This post is part of our “Campus Chronicles” series on Catholic higher education. You can read more stories by clicking “Campus Chronicles” in the Categories section to the right or by clicking here. For the latest updates on Catholic LGBT issues, subscribe to our blog in the upper right hand corner of this page.

–Bob Shine, New Ways Ministry

Transgender Support Growing in Catholic Higher Education

1375111113093Boston College students are advancing a trans-inclusive non-discrimination policy for their Jesuit-sponsored school. Below, Bondings 2.0 reports on this news and other LGBT developments, two of which reveal Catholic higher education’s growing commitment to support trans* community members.

Boston College May Include Trans* Nondiscrimination Protections

Boston College’s GLBTQ Leadership Council, a segment of student government, has prepared a report about adding gender identity and expression to the College’s non-discrimination policy. BC administrators will decide ultimately whether to insert new language or not, reported campus newspaper The Heights, which noted:

“Despite this, the proposal still remains a good first step toward its goals and, even if rejected, acts as a symbolic gesture declaring UGBC’s [Undergraduate Government of Boston College] stance when it comes to this issue.”

Widespread support among college students for more expansive LGBTQ protections will hopefully weigh on administrators’ response. Existing BC policies already include sexual orientation as a protected class. Among Catholic colleges, Georgetown University (GU)  has been the first to explicitly protect trans* students, faculty, and staff from discrimination, and the school has made some of the most progressive strides in this regard. The Heights article concluded that Boston College could, along with GU, help set a precedent for Catholic schools on trans* inclusion.

Georgetown University Hospital Dispute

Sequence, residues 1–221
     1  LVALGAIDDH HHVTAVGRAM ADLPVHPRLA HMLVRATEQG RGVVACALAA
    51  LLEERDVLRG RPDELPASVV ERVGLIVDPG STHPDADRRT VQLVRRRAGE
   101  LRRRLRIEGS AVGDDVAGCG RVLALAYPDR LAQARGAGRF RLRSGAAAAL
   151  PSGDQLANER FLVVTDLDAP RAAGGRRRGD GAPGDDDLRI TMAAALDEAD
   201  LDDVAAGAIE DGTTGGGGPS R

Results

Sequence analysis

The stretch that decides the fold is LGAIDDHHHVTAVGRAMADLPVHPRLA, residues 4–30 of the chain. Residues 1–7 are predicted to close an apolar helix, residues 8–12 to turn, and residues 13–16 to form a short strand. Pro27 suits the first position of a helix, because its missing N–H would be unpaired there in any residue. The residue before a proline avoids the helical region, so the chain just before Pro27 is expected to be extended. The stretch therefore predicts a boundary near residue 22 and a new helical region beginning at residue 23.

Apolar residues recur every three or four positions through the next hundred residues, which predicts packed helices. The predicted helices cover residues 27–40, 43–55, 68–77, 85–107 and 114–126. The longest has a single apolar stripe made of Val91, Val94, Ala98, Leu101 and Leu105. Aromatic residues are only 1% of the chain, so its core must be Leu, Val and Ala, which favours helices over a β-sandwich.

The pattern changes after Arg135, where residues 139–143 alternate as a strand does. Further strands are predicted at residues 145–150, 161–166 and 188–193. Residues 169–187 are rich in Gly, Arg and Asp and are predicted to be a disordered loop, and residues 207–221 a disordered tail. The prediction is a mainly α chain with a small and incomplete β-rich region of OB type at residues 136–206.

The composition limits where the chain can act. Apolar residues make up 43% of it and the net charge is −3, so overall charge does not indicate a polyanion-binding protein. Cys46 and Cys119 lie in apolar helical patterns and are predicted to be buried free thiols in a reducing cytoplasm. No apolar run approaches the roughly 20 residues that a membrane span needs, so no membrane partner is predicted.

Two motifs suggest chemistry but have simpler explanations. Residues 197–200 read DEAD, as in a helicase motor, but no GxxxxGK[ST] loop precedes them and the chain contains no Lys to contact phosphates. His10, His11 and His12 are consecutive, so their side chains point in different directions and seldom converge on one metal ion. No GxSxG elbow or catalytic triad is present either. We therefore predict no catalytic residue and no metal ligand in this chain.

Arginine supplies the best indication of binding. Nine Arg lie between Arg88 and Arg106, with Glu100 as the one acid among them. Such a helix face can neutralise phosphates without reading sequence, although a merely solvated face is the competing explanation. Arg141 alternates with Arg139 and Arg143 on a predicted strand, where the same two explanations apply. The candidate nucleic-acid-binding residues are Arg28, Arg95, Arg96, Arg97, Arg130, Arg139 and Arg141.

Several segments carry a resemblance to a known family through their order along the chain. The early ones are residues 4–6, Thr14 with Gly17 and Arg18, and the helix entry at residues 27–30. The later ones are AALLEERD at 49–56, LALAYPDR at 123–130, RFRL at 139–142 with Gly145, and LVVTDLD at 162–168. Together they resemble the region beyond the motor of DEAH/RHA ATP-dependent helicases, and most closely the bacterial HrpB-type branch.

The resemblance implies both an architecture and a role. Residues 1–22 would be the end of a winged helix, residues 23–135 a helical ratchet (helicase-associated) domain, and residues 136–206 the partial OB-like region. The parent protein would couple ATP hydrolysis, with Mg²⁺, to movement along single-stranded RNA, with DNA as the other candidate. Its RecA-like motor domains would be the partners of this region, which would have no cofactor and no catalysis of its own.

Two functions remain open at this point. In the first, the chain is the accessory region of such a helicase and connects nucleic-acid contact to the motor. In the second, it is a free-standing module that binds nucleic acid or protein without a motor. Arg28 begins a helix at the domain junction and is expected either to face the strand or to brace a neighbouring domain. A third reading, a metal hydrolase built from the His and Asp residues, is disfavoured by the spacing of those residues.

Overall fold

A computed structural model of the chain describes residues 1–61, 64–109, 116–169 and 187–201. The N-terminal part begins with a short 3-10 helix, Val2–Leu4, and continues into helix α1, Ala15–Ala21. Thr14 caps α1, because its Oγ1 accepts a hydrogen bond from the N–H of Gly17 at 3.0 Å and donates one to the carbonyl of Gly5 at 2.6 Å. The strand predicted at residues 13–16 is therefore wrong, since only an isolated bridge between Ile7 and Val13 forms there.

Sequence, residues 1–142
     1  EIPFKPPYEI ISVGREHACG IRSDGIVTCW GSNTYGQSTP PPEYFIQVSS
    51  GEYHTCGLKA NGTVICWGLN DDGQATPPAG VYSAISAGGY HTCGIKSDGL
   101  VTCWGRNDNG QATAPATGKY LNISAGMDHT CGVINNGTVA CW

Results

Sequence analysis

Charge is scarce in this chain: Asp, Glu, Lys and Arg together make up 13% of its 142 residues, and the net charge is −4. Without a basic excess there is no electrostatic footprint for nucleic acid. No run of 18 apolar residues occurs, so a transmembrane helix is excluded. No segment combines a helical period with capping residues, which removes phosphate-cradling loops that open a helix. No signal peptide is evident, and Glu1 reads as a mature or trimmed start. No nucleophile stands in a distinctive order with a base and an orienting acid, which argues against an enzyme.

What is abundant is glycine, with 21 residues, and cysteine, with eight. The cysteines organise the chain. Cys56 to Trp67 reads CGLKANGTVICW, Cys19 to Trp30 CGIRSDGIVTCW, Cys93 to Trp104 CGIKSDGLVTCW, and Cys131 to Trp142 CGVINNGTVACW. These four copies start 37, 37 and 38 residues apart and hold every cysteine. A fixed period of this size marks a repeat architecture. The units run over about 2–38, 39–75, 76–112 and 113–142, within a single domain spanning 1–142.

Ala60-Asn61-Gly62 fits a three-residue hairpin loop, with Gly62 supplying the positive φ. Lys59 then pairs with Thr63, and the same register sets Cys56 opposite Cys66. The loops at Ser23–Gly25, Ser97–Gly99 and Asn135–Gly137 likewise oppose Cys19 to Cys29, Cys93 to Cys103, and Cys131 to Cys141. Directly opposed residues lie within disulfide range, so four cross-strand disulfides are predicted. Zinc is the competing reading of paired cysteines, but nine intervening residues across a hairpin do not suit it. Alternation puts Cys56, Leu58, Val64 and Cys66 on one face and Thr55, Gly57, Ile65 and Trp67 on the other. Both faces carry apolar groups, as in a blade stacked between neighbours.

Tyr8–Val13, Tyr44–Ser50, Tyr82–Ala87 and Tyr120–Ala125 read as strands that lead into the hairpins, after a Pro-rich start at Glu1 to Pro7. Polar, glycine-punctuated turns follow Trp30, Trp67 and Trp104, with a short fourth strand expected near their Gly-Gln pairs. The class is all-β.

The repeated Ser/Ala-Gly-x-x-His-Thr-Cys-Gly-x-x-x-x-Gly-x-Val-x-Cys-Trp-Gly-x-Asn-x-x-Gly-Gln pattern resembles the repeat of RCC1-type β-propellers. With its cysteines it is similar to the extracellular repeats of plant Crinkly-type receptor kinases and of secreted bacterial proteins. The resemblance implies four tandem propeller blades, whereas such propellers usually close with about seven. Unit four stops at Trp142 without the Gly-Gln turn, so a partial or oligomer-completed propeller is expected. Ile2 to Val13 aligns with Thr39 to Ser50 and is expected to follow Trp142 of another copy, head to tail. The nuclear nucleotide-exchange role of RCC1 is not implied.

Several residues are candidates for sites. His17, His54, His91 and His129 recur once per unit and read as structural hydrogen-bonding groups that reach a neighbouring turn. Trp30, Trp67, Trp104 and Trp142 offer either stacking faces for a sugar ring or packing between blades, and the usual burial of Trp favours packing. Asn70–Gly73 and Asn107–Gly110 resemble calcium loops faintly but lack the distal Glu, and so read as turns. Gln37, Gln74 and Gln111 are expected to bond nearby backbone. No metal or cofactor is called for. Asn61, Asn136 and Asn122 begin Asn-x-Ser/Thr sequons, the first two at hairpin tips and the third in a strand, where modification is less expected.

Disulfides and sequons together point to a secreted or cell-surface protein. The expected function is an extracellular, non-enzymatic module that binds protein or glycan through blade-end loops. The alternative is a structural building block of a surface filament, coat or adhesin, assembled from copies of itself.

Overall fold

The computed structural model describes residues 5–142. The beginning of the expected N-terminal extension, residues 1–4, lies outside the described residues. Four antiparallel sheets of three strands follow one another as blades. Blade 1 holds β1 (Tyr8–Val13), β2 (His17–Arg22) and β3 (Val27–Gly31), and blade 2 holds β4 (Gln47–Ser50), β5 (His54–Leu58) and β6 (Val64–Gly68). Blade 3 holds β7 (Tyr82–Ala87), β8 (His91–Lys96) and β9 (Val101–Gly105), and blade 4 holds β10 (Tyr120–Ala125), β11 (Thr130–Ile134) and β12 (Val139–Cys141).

A news story from The Georgetown Voice, the campus newspaper of the Washington, DC Jesuit university, highlighted difficulties that trans* students often face in receiving quality healthcare. Willem Miller, a trans junior, waited a week before going to the University’s health services because he felt uncomfortable seeking treatment there. About his hesitation, The Voice reported:

“This trepidation toward Georgetown’s health care institutions is common among the members of the small population of out transgender and gender nonconforming students. One member of this community, Lexi Dever (COL ‘16), a transgender woman and a Student Assistant for the LGBTQ Center, initially expressed her apprehension about these services in absolute terms “[I have] never [visited]the Student Health Center, I’ve never called GERMS, and I have no intention of those things changing,” she said. Dever, like Miller, attributes this steadfast hesitance to a belief that these institutions are not suited to meet the specific needs of transgender students.”

These students identified a lack of trans-specific resources or training as reasons why Georgetown University’s health services were inadequate. The article also noted a discrimination complaint against MedStar Georgetown University Hospital filed with the D.C. Office of Human Rights by a trans woman, Alexa Rodriguez, who was allegedly denied surgery last year because of her gender identity.

Systemic issues about inadequate healthcare for trans* communities are widespread, Since Georgetown University has made strong efforts to welcome openly trans* students, hopefully the school will address these healthcare challenges as part of the Jesuit model of caring for the whole person.

Loyola Marymount Provides Safe Space for LGBT Mormons

A weekend conference for an organization of LGBT/SSA [Same Sex Attracted] Mormons and families was hosted  recently by Loyola Marymount University in Los Angeles, California. Entitled “Knit Together in Unity and Love,” the mid-January gathering aimed to support LGBT-affirming Mormons, provide an inclusive community, and encourage participants to “make valuable contributions” both inside and out of the Church of Latter Day Saints.

Catholics and Mormons can celebrate that this collaboration not only advances LGBT equality, but ecumenical relations too.

This post is part of our “Campus Chronicles” series on Catholic higher education. You can read more stories by clicking “Campus Chronicles” in the Categories section to the right or by clicking here. For the latest updates on Catholic LGBT issues, subscribe to our blog in the upper right hand corner of this page.

–Bob Shine, New Ways Ministry